REVIEW: Danny Trejo Gives Bad Ass Some Gonzo Charm
It’s spring rummage week at the movies, with four releases – Lockout, The Three Stooges, Cabin in the Woods and Craig Moss’s vigilante goof Bad Ass – retooling old gems and selling off genres for parts. Maybe next year we can look forward to a film made up solely of references to this quartet – The Three Bad Asses Escape Lockout in the Woods? Wait, don’t Google that. I don’t want to know.
Spoofing all the ways that it’s all been done before has itself become a pretty predictable gig. A genre, even. But every once in a while a movie like 21 Jump Street manages to stay two steps ahead of our endlessly attenuated expectations, making clued-in silliness look like a (funny) walk in the park. Bad Ass has a bit of that gonzo energy – a fair bit, actually. In the first few minutes a montage sequence challenges the record for film clichés-per-second to tell the back-story of Frank Vega, a Santa Rosa farmboy who grew up to fall in love in a pasture and then fight in Vietnam, where the memory of his girl back home sustained him through unimaginable torture. Once returned, Frank (played as a young man by Shalim Ortiz) finds his true love married with kids, and his hope of becoming a police officer is snuffed out by a bum leg. He begins selling hot dogs in the street, a career that carries him all the way to the moment where he turns into Danny Trejo.
A considerable part of the point of any Danny Trejo performance involves the question of what a person has to do to get a face like that. It’s what made him a favorite of genre geeks like Robert Rodriguez: The face is its own movie with its own set of references. Here he is the gentle ogre, a scary-looking softie in combat shorts and a camo jacket who just wants to get through the day and nurse his disappointments with a bottle of El Matador at night. The problem is he lives in the vicious Los Angeles of Falling Down, where there’s always some racially charged a-hole trying to bring you down. The morning of one particular bus ride, it’s a couple of skinheads harassing an older man in a Black Panthers beret. When Frank intervenes with a few definitive blows – the geriatric set has all the hand-to-hand skills in Bad Ass – a cell phone video taken by a member of the generation that doesn’t do much else with their hands makes him a YouTube star.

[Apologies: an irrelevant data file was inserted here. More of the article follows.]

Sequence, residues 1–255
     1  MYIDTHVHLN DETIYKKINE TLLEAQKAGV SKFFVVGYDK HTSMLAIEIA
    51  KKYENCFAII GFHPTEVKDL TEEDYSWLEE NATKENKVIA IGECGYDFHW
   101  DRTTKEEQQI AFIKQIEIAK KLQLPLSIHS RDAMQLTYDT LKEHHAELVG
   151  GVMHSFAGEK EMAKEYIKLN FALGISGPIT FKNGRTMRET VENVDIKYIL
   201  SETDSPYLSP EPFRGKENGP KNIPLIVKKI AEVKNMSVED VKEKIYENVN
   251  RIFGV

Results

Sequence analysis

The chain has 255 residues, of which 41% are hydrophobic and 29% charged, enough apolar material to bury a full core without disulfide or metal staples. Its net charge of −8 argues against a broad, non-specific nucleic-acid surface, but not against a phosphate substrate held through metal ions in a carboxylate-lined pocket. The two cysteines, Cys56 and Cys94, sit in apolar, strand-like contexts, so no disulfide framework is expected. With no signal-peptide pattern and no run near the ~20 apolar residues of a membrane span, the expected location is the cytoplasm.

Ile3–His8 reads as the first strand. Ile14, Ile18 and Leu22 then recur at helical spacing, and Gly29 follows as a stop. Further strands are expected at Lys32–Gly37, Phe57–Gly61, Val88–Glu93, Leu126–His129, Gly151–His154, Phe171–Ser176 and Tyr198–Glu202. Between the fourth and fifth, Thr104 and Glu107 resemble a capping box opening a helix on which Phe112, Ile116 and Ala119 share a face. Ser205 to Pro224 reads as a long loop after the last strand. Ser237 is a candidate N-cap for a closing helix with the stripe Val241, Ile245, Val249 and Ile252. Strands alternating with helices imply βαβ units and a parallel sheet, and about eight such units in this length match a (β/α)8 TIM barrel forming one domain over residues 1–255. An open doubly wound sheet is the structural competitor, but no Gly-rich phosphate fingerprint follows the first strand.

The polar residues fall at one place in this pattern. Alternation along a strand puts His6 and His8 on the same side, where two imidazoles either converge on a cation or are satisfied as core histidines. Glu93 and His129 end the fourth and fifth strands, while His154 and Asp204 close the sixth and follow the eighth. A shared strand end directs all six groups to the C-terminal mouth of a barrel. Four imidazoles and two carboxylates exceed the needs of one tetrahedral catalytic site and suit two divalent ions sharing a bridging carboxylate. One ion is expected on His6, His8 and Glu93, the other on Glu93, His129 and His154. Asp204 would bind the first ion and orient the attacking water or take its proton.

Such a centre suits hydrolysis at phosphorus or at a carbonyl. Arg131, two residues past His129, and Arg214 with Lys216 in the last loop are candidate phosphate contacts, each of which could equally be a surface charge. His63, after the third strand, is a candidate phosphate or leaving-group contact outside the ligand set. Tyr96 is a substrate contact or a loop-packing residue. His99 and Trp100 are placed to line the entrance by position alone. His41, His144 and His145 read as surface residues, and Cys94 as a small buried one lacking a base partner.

But Internet celebrity doesn’t pay the bills, nor does it protect your best friend from his enemies. Shortly after his Vietnam buddy Klondike (Harrison Page) joins Frank in his recently deceased mother’s home, he is gunned down by a couple of gangsters. Frank’s abiding faith in the police (a little strange, given the routing the system gave him) is shaken when they fail to follow up on the murder, and he takes matters into his own iron-cast hands.
Frank doesn’t want to fight, but the world keeps demanding (and then rewarding) his beat-downs, whether they involve cholos shaking down the local liquor store, barflies spoiling for a piece of the famous tough guy, or a jerk-ass neighbor who beats on his pretty wife (Joyful Drake) and yells at his sitcom-ready son (John Duffy). “Violence just seems to follow me,” Frank protests when one of his cop buddies tells him to cool it with the public beatings.
It’s one of many lines in a script (also written by Moss) that plays like the entire Charles Bronson oeuvre was fed through a shredder, tossed into the air, and glued into a new configuration wherever it landed. The effect, a kind of hard-boiled camp, makes the first two-thirds of Bad Ass lots of fun. Moss, the Weird Al of genre goofs, has a surprisingly light touch (especially given that his last film was a Twilight take-off called Breaking Wind, also starring Trejo). Very often the line between spoofing and playing it straight is too subtle to make out. When Frank tackles an old lady to shield her from drive-by fire and she makes a corny joke about being manhandled, Moss uses a sound bridge of canned laughter to carry us into the next scene: Frank alone in front of the television that night. When a cop warns Frank, “They say you’ve been leaving a bloody trail all across the city,” Frank shrugs: “Doesn’t sound familiar to me.”
It’s the casual tone that makes all the difference, but it can’t quite carry the movie. When the mystery behind Klondike’s execution begs resolving and Frank begins romancing his battered neighbor, the plot’s worminess proves a distraction from Bad Ass’s more mindless charms. It’s a funny catch for this kind of thing – to really let it fly the movie needs the safety of a narrative’s inner logic. The Internet celebrity factor adds novelty but not much else, and by the time Frank is hunting down the gang boss behind a vague political conspiracy (involving Ron Perlman and Charles S. Dutton) an anomalous chyron introduces a key location because the storytelling isn’t strong enough to get us there on its own. This feels disappointing mainly because, to do some borrowing of my own, in the world of classic send-ups, Bad Ass coulda been a contender.